Moodle has many features that are unique to it by virtue of its design and these features are often cited by many researchers as being the reasons why Moodle is chosen over other course management systems. Breggen et al (2005) point to Moodle’s unique design that facilitates the creation of course content repetitively. This is of course a characteristic of the ‘open learning design’ in general. The architecture approach of Moodle that is modular supports instant creation and modification of course content and this allows instructors who are not tech-savvy to create useful learning scenarios almost immediately, and then progressively refine them as their skills improve. Breggen et al suggest that this could be the critical factor that can explain Moodle’s popularity with teachers. Weblogging is another feature of Moodle that has been found very enticing from the point of view of students. Ching et al. (2005) have found that students in an introductory educational technology class showed a strong interest in weblogs and the ease with which Moodle allowed them to use weblogs as part of their learning experience (Cited in Berggren et al, 2005, p.7) Jay Melton in his 2006 study on Moodle’s registration and assignment process noted that Moodle follows many of the conventions for usability such as a simple graphic interface, minimal verbal text and extra information provided through rollovers (Melton, 18). Melton concludes that these features of Moodle make registration easy for new users. Another unique feature of Moodle has been discovered by Calvo-Flores et al (2005) who have studied the possibility of analyzing student logs of Moodle using artificial neural networks to identify the students most likely to pass the course. The information is primarily intended to bring to the attention of the teachers the weak students. The neural network proposed has been developed and tested using the logs of the accesses from a group of 240 students of data processing of the University of Cordoba registered in the subject Methodology and Programming Technology. According to the proposed model, it is possible to predict the students who have problems in passing the course (Calvo-Flores et al, 586). Botturi et al. (2005) show that most of the participants (94.3%) were satisfied with the performance of Moodle because of the ease with which it allowed communication with students outside the classroom, management of digital material, and its accessibility to all students at all times.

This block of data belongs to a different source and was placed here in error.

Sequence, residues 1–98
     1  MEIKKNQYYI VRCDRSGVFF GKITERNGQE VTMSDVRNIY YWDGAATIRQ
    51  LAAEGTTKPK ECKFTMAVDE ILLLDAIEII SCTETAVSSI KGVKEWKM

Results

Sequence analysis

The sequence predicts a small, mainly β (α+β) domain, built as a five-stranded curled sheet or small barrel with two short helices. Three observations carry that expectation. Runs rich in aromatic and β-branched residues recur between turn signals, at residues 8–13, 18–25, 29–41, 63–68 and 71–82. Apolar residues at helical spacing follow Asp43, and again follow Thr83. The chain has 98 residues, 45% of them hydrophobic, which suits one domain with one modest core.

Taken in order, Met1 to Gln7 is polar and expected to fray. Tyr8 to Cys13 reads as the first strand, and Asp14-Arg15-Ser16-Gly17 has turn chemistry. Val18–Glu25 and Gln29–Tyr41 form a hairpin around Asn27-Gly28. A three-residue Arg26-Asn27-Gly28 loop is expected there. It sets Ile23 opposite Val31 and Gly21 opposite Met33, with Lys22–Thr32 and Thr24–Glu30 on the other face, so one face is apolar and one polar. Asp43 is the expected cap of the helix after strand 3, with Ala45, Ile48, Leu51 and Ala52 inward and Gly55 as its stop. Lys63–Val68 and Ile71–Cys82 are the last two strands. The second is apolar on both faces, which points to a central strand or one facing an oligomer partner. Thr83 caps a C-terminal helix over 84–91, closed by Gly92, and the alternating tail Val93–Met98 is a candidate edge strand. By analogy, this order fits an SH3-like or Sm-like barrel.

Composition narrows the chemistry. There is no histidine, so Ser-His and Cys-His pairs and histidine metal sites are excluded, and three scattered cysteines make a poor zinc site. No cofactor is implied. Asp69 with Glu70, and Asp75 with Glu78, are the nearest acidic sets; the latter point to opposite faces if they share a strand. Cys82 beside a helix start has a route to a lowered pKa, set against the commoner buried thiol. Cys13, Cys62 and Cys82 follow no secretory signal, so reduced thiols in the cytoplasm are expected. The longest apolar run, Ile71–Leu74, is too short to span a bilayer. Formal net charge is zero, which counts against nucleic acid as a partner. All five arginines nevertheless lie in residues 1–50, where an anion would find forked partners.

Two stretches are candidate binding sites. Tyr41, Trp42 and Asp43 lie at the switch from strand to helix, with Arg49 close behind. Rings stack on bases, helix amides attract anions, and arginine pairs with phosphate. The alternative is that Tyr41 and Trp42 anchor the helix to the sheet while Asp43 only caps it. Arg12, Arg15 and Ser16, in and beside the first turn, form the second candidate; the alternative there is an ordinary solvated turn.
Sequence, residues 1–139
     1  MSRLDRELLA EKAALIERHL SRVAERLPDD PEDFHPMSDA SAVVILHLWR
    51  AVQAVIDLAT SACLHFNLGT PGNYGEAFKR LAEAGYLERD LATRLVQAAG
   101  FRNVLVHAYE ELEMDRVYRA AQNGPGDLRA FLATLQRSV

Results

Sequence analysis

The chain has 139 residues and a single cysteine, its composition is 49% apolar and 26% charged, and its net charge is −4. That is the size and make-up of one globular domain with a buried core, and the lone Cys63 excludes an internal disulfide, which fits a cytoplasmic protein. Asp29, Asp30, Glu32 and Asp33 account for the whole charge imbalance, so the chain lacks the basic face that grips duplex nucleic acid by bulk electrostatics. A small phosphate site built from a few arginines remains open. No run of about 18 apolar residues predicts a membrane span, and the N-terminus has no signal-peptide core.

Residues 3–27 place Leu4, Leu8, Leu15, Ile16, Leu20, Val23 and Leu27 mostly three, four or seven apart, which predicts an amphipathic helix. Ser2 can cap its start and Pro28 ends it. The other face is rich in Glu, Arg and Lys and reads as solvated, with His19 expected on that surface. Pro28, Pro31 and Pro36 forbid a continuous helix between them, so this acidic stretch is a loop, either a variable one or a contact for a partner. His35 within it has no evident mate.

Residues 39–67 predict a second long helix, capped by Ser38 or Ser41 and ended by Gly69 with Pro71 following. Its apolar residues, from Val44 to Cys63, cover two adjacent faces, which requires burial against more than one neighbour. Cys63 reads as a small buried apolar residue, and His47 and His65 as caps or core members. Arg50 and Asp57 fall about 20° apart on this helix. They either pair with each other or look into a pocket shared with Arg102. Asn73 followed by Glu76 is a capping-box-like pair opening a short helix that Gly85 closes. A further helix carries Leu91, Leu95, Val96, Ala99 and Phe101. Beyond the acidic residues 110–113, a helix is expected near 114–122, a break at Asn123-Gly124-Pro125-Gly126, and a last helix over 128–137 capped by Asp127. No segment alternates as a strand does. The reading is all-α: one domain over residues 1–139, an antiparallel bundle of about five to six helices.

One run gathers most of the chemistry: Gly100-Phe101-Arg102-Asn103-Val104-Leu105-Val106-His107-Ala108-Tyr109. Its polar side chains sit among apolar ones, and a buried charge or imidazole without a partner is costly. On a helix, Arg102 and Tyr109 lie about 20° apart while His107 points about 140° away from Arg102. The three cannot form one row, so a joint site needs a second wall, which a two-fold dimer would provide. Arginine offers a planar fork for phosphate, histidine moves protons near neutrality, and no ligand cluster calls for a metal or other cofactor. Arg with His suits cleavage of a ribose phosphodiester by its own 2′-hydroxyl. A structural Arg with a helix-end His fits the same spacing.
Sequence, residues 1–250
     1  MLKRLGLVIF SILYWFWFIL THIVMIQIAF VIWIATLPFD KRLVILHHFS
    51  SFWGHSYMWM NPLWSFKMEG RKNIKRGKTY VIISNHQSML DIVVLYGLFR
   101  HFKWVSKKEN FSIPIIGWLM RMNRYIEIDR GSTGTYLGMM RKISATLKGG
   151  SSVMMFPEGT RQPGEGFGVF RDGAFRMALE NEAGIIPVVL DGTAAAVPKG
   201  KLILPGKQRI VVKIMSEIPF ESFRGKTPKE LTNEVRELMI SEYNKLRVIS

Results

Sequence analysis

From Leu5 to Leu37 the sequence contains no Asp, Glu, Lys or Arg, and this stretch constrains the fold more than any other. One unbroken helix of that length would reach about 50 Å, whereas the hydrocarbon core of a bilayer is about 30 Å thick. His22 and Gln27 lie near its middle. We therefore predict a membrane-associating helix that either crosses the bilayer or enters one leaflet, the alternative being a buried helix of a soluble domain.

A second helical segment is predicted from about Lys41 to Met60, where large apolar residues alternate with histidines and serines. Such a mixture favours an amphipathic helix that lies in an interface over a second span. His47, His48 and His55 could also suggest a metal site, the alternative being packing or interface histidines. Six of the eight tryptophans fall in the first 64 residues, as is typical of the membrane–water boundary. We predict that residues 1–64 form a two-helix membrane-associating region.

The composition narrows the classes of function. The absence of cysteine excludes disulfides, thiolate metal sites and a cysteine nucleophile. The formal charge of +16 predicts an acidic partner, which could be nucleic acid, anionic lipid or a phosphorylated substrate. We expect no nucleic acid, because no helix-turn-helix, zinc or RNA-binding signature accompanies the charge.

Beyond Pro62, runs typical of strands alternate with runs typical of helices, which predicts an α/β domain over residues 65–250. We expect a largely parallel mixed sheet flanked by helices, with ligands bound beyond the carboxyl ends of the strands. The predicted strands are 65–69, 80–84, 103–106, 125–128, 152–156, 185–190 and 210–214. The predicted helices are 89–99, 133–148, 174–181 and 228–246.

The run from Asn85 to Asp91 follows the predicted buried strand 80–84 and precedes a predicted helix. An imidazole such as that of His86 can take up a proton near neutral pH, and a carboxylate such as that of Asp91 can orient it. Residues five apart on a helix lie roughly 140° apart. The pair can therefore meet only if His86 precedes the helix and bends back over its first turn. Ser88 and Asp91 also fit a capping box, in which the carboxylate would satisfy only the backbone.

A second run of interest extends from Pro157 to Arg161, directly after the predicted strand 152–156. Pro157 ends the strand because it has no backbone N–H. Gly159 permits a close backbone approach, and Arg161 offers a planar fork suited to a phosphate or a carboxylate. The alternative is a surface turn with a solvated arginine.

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Teixeira et al (2006), while explaining how they chose Moodle to be the CMS, say that Moodle has the following advantages: it is open and free software and hence economical to use, easy to maintain, make corrections and enhance using new modules and a lot of success has been reported using Moodle in educational settings. The fact that new modules can be attached to Moodle allows it to be integrated with existing students’ administrative management tools. Moreover, Teixeira et al (2006: 3) say that Moodle has an easy and user-friendly interface with the supporting infrastructure also being simple and platform-independent (Teixeira et al, 3). The technological requirements for using Moodle are also cheap and easy to procure – the Apache web server, the PHP for HTML page script, and MySql for the database (Texeira et al, 3). Another major advantage of Moodle is that it can also import and integrate courses structured according to the IMS and SCORM standards. This means, the course materials need not be prepared from scratch but can be built from existing documents (Teixeira et al, 3). According to an article titled “Moodle Implementation at the University of Minnesota” (PPT) by Elena Ivanova and Scott Barnard (2008) Moodle was adopted by the University because of its social constructivist philosophy which has, at its core, collaborative learning and also due to the fact that Moodle allows teaches to gradually enter the collaborative model (Ivanova and Barnard, 2) ). Moreover, Ivanova also pointed to the fact that Moodle is also easy to use and intuitive, has a rich set of tools, lots of 3rd party add-ons, good design and these characteristics are the reasons behind its successful implementation at the University of Minnesota, where the total user base has 44,000 users (Ivanova and Barnard, 3). Thus, most of the users of Moodle have been attracted by the special features of Moodle such as its open-source nature, modular structure, its philosophy, good design and extensibility, and ease of use.